I think that Tim Hegg's Fellow Heirs is one of the greatest if not the greatest introductions to the Messianic viewpoint. I'll try to have a review out in the next couple of days.

    You can purchase the book here:

  4. I'll check out the site. I've read a number of his articles and glanced at his book on Galatians. He's against the One-Law position. But he's a good scholar and worthy of review.

  5. Matheus Machado RincoDecember 3, 2013 at 4:55 AM

    You see, it may seem he is against the one Law position, but, he he is at least ambiguous in his books. I sent him an e-mail asking him what is his position after all about the gentiles practicing Torah and his response was basically that he believes that what Paul advocated was that gentiles would practice Torah like the King Izates (basically all torah, without circumcision).
    You should really read his articles on Phillipians 3.


  6. He is definitely ambiguous in his conclusions, in his Romans commentary, it seems he is in one sense or another advocating for a One Law scenario, but then the opposite in his Galatians commentary... I really enjoy his Philippians 3 commentary, I think he nails it when he concludes, that Paul's points concerning his Jewish status, are not the first priority, instead Yeshua is, however this does not mean Paul considered his Jewish status as nothing. It was simply a priority of issues. We can see in some parts of Messianic Judaism, that this priority has been lost, and Jewish identity is the main focus.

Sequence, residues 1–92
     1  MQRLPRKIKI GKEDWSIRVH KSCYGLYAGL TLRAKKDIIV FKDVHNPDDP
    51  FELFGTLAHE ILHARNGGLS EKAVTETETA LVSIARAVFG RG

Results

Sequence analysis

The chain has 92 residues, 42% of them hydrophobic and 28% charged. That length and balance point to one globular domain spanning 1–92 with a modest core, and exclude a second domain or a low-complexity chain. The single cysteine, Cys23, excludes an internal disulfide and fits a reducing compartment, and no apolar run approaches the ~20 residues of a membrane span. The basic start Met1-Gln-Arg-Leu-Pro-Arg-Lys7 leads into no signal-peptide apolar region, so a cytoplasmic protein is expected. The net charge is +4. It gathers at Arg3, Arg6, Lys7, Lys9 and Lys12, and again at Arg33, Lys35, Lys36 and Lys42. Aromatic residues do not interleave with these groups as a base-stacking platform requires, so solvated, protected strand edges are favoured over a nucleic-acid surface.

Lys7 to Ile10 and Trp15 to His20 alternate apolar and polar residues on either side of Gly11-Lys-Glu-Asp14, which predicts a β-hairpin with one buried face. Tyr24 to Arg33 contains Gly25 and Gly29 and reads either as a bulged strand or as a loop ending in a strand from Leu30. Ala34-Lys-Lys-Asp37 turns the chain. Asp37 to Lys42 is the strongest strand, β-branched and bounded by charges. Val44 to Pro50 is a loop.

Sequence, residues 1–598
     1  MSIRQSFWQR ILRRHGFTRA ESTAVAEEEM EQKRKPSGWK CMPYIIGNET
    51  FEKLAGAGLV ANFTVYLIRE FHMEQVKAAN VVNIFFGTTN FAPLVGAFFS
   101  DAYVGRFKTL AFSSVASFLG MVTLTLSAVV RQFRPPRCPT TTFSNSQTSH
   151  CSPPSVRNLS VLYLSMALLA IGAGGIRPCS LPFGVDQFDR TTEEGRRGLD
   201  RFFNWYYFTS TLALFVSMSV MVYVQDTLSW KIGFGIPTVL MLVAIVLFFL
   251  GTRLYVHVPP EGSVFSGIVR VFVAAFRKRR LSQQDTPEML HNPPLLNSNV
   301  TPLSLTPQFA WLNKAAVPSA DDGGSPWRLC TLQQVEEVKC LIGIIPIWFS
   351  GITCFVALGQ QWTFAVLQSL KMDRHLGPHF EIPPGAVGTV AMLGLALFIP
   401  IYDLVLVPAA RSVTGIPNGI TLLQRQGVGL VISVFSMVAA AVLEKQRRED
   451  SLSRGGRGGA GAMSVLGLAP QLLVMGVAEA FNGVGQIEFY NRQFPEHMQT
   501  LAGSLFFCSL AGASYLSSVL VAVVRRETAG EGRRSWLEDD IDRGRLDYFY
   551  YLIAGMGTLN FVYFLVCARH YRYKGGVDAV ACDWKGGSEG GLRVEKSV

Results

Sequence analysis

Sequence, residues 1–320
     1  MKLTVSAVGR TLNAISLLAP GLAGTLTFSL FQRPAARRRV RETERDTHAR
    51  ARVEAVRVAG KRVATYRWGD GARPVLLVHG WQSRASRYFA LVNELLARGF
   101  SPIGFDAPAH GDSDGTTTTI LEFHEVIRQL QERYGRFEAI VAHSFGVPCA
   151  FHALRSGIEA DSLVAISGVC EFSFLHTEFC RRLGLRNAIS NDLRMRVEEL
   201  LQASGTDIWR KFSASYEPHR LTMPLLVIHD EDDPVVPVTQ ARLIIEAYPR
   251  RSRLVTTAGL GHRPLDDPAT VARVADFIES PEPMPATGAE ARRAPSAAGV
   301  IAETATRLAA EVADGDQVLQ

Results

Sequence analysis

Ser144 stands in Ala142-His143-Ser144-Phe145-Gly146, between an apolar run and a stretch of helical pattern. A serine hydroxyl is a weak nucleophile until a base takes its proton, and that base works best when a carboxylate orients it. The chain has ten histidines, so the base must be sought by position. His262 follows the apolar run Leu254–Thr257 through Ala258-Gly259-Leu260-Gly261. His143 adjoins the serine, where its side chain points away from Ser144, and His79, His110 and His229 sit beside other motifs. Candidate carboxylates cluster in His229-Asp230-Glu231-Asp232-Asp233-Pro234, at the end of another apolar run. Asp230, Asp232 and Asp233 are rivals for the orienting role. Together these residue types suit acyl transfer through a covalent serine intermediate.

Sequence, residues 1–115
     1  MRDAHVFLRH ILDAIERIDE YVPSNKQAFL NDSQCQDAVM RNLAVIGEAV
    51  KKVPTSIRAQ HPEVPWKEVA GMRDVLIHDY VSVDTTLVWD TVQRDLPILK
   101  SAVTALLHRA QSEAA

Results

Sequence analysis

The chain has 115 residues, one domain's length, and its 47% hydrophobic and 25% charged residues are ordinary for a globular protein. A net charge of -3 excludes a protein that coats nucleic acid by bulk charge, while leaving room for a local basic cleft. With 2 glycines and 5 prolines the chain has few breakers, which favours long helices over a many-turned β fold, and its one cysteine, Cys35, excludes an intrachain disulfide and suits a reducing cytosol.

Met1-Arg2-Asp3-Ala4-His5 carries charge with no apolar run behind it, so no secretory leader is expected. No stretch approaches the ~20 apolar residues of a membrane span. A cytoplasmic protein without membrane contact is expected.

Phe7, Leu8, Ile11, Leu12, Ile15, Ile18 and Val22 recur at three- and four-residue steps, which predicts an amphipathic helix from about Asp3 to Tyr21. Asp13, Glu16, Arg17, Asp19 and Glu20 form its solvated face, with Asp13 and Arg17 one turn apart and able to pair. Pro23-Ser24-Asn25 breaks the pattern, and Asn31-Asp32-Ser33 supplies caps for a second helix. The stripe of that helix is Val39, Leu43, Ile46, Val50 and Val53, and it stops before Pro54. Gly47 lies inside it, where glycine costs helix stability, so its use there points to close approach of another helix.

I have never seen him consider or play the idea that maybe Paul was against the 'proselyte ritual', which has no place in Torah, and thus was not against 'circumcision' in its basic commanded form. Instead, he argues that Paul had no issue with the proselyte ritual, only that it was not for gentiles, thus saying that Paul was against circumcision entirely, concerning gentiles... But that is a catch-22 for anyone who takes Paul's writings to be scripture, because if the proselyte ritual is legitimate, then Paul is saying, that the Gospel and the Proselyte Ritual are in opposition, meaning the Gospel is in opposition in regard to the Torah, as if things have changed. As if saying, the Torah had gentiles going through the proselyte ritual, but now since Messiah came, the proselyte ritual is against God. I think it makes more sense to argue, that the Proselyte Ritual, was not what the Torah taught concerning conversion (see Acts 15), which we know the Torah did not teach Proselyte Ritual, thus it is a fact, the question is whether or not this is Paul's argument.

  7. I have also heard recommendations about Nanos' books. If I wasn't already backed up on reading, I would seek those out. But I think they may be very useful for the theologically minded who want to see what scripture says.